Founders and Contributors
Shane Neilson, Editor, is a writer from New Brunswick. He holds an MFA in Creative Writing from the University of Guelph at Guelph-Humber, an MA in English from the University of Guelph, and a PhD in English and Cultural Studies at McMaster. He has extensive editorial experience in Canadian Literature, serving as the editor of Frog Hollow Press, a Victoria-based chapbook press for almost twenty years and counting; a prose editor at Anstruther Press, a Toronto-based chapbook press; an associate editor at Hamilton Arts & Letters, a mighty online magazine based out of Hamilton. In addition, Shane has worked with several Canadian presses to ready manuscripts for publication. Shane has edited many of the poets and poetry critics at the forefront of Canadian literature and has a wealth of experience that he brings to bear with both poetry and nonfiction manuscripts.
Jeremy Luke Hill, Publisher, was born in Guelph, Ontario. He completed both a BA and an MA in English Literature at the University of Guelph, and he’s been working in the city’s literary scene ever since. He founded Vocamus Writers Community, a non-profit organization that promotes book culture in the Guelph area. He also founded Vocamus Press, a local-centric micro-publisher that specializes in Guelph literature. Founding Gordon Hill Press as a national trade publisher is his next step in building literary capacity in the area.
Tell us a bit about your press.
Gordon Hill Press is a publisher of poetry and stylistically innovative fiction, non-fiction, and literary criticism. We strive to publish exemplary writing by a diversity of writers, particularly writers living with invisible disability.
We were founded by Shane Neilson and Jeremy Luke Hill, who initially set out to purchase an existing small press. When that didn’t come to fruition, they decided to take all the preparations they’d already made and start a new venture, which became Gordon Hill Press.
What about small press publishing is particularly exciting to you right now?
Because we’re so new, just existing and figuring our way through the industry is pretty exciting all on its own. It’s also been exciting to see so many of our early titles get such positive critical attention, with multiple titles winning and being nominated for national provincial awards.
How does your press work to engage with your immediate literary community?
We’re the only nationally distributed literary press in Guelph’s history, so we do see part of our role being to connect the local area to the larger community of Canadian letters, whether that be by holding local readings and events, or by searching out local talent, like Mike Chaulk and Kim Davids Mandar.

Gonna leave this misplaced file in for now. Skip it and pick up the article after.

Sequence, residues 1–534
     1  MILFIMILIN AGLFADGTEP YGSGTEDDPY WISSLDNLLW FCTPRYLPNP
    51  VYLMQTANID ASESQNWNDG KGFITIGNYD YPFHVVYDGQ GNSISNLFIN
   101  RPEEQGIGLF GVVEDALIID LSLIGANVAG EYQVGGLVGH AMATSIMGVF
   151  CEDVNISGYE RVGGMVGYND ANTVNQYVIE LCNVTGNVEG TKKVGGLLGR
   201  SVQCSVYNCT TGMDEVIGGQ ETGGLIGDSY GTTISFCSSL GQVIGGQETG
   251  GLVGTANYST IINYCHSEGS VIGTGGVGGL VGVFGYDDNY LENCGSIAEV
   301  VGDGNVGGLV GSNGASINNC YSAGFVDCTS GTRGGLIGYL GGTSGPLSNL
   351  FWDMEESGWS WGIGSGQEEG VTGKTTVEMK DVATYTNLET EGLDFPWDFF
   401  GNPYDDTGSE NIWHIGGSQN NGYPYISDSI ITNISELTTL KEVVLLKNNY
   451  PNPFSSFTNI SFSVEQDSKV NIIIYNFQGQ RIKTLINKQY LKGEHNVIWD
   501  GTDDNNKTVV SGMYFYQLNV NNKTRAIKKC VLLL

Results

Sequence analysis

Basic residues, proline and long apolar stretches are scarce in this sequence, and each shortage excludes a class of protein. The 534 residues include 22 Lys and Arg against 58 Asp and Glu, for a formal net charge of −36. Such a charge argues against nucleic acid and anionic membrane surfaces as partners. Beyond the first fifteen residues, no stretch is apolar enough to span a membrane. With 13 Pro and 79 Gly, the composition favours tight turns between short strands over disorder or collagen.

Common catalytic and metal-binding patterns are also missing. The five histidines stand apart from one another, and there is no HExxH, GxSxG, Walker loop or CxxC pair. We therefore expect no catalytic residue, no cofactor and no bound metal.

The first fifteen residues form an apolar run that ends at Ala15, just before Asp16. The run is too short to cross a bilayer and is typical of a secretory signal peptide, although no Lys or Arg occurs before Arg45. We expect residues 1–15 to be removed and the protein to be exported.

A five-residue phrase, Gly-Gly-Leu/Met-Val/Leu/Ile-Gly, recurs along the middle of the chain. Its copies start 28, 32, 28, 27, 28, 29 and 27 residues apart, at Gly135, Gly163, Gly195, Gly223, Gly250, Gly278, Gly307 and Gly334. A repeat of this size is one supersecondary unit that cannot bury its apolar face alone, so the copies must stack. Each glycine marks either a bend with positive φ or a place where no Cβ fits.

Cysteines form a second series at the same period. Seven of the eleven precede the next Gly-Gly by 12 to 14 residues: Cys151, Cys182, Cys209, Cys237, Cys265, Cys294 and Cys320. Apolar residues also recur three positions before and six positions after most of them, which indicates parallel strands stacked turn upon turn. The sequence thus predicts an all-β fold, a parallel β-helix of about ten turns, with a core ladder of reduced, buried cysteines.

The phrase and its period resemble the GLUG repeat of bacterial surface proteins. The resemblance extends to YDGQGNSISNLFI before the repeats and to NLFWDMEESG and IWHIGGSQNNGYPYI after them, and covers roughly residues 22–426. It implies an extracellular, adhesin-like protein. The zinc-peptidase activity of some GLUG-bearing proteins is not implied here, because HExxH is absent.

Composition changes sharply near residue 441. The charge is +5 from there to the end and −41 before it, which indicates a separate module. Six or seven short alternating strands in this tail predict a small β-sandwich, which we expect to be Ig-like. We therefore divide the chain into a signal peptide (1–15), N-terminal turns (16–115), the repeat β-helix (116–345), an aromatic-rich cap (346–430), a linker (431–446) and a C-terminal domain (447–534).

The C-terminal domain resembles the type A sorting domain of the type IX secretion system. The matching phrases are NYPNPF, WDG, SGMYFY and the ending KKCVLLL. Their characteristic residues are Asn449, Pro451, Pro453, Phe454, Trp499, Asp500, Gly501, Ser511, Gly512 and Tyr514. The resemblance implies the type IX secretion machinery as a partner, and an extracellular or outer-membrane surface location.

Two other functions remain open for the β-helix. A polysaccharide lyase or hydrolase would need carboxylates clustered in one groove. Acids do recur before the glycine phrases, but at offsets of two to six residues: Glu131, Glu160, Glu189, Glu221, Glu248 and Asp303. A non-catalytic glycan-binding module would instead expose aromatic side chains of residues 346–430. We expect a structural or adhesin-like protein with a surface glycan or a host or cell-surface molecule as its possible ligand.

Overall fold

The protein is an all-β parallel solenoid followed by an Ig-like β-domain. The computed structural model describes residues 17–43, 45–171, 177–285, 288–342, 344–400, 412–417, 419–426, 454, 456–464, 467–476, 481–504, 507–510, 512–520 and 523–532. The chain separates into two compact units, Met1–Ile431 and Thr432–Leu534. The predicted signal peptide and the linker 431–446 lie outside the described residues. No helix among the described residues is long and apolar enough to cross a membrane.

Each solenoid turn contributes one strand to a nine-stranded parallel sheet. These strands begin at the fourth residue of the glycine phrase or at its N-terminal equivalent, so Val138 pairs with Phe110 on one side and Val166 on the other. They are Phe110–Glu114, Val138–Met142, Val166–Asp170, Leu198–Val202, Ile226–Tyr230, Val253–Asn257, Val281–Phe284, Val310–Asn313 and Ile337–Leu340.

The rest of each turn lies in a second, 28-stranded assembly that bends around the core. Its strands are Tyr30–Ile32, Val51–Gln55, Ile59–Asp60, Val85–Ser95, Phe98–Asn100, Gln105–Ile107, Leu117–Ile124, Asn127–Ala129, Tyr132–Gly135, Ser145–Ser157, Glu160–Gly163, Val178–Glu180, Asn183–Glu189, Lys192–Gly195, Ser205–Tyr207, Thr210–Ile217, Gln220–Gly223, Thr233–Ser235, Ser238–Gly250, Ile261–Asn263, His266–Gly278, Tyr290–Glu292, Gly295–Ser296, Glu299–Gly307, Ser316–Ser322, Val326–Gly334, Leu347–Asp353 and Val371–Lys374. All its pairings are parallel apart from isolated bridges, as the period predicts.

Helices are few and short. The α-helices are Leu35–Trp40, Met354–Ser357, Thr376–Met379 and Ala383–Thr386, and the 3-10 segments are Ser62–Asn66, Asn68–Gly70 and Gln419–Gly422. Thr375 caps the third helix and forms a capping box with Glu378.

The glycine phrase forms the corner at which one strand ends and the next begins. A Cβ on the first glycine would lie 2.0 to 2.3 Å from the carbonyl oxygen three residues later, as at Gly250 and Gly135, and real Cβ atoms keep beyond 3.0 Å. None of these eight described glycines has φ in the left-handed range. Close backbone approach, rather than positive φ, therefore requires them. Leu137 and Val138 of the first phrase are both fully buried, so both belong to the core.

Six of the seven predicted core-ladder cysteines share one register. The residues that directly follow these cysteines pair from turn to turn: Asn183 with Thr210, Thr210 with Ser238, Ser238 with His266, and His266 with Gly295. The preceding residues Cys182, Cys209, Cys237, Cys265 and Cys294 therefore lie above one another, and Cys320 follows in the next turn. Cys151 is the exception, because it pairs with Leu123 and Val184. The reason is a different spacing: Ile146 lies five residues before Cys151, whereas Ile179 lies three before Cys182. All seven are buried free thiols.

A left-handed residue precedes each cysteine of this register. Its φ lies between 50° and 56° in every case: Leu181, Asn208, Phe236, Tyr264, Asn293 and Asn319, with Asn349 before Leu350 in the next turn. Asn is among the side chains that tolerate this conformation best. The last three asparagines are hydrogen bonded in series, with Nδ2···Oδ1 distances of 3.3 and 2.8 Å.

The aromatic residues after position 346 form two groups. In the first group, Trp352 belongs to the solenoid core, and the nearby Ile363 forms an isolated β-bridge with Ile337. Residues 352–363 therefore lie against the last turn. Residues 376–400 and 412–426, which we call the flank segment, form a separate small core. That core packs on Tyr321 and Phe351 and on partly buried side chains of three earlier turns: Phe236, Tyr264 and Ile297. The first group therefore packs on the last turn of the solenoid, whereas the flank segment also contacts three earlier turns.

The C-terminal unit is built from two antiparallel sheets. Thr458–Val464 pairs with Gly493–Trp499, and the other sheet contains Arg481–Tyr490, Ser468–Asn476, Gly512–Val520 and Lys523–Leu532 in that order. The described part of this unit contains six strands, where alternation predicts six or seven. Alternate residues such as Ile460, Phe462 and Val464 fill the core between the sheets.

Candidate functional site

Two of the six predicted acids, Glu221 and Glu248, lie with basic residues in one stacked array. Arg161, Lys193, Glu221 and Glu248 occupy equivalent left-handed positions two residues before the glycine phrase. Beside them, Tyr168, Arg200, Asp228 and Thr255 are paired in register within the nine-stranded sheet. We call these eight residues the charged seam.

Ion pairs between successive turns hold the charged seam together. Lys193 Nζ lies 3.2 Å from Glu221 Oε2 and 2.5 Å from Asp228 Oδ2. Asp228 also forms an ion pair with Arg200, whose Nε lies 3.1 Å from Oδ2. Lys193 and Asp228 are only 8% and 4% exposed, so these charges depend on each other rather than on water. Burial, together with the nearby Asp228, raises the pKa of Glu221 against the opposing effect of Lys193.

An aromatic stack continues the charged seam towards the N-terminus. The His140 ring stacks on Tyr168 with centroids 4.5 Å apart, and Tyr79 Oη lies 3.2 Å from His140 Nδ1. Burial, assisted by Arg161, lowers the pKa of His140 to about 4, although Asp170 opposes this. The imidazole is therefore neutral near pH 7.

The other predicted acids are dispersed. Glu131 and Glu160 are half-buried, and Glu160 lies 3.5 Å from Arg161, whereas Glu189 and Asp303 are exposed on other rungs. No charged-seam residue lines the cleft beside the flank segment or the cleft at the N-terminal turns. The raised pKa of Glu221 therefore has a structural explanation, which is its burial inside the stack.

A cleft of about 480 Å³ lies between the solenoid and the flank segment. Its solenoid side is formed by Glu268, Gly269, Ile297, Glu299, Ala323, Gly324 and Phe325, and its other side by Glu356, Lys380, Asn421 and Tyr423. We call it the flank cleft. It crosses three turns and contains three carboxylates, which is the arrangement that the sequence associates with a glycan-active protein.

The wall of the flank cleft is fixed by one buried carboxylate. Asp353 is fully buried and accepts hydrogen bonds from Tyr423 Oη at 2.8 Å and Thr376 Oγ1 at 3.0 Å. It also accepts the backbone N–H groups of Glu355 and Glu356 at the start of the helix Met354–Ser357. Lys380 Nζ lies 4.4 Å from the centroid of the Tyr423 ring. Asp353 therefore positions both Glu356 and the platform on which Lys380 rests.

Tell us about three of your publications. What makes them special, needed, and/or unique?
Our very first title, Roxanna Bennett’s unmeaningable, was an important book for us, not only because it was our first, but because Roxanna’s work embodies our mandate so closely. She is a disabled writer who writes about disability issues, but she is also just a tremendous poet, which is why her book has had so much critical success.
Kim Davids Mandar’s In|Appropriate: interview with Canadian authors on the writing of difference was an important title as well, because it was the first time that we really engaged with the broader Canadian literary community on one of the issues that faces it today.
A. F. Moritz’s The Garden: a poem and an essay was another important title, in that it really embodies the kind of hybrid approaches that we like to publish, but at the same time addressing key questions about the role of poetry in contributing to social change.
By Sophie Crocker
Sophie Crockers' brat is an anthology of forest creatures, lost girls, and tiny precious moments. In this collection of poetry, smallness begets uprising, rats signify life rather than death, and bunnies are slutty woodland sprites. brat makes smallness into power, resilience, and survival. In these poems, to be a brat is to be a scamp, an upstart, an agent of mischief: to cause trouble; to riot; to right wrongs; to enact change because it is right, regardless of a corrupt legal system. If brathood is the irreverent claiming of ownership over all good things, then this collection is the quintessential brat.
By Rhonda Waterfall
Vulnerable and hallucinatory, Rhonda Waterfall's Sombrio is an alarming and vivid West Coast novel. Set in the rain forest on the outer coast of Vancouver Island, it takes us into the dark heart of lost childhoods. Three men, an artist, his apprentice, and an ex-bank robber turned poet seek refuge in an abandoned squatters shack. As windstorm descends upon the men, their thin hold on reality begins to unravel and fray. Each man must grapple with his past and with his desire for fame or infamy along with what their disastrous choices have wrought for their children. This is a tale of madness, art, love, addiction, and paternal responsibility. And how men lauded as geniuses crush their daughters.
By Khashayar Mohammodi
Khashayar Mohammodi's WJD is an irreverent phenomenology of West-Asia, where Islamicate consciousness is driven in and out of a plethora of conflicting ideologies and has left an impression deep enough to be read across the centuries. It also includes The OceanDweller, a translation of Saeed Tavanaee Marvi's experimental tale of the power of poetry dipped in marine biology and shades of astronomy. The two volumes are printed together, one beginning from each side, with its own cover, making a unique and beautiful book.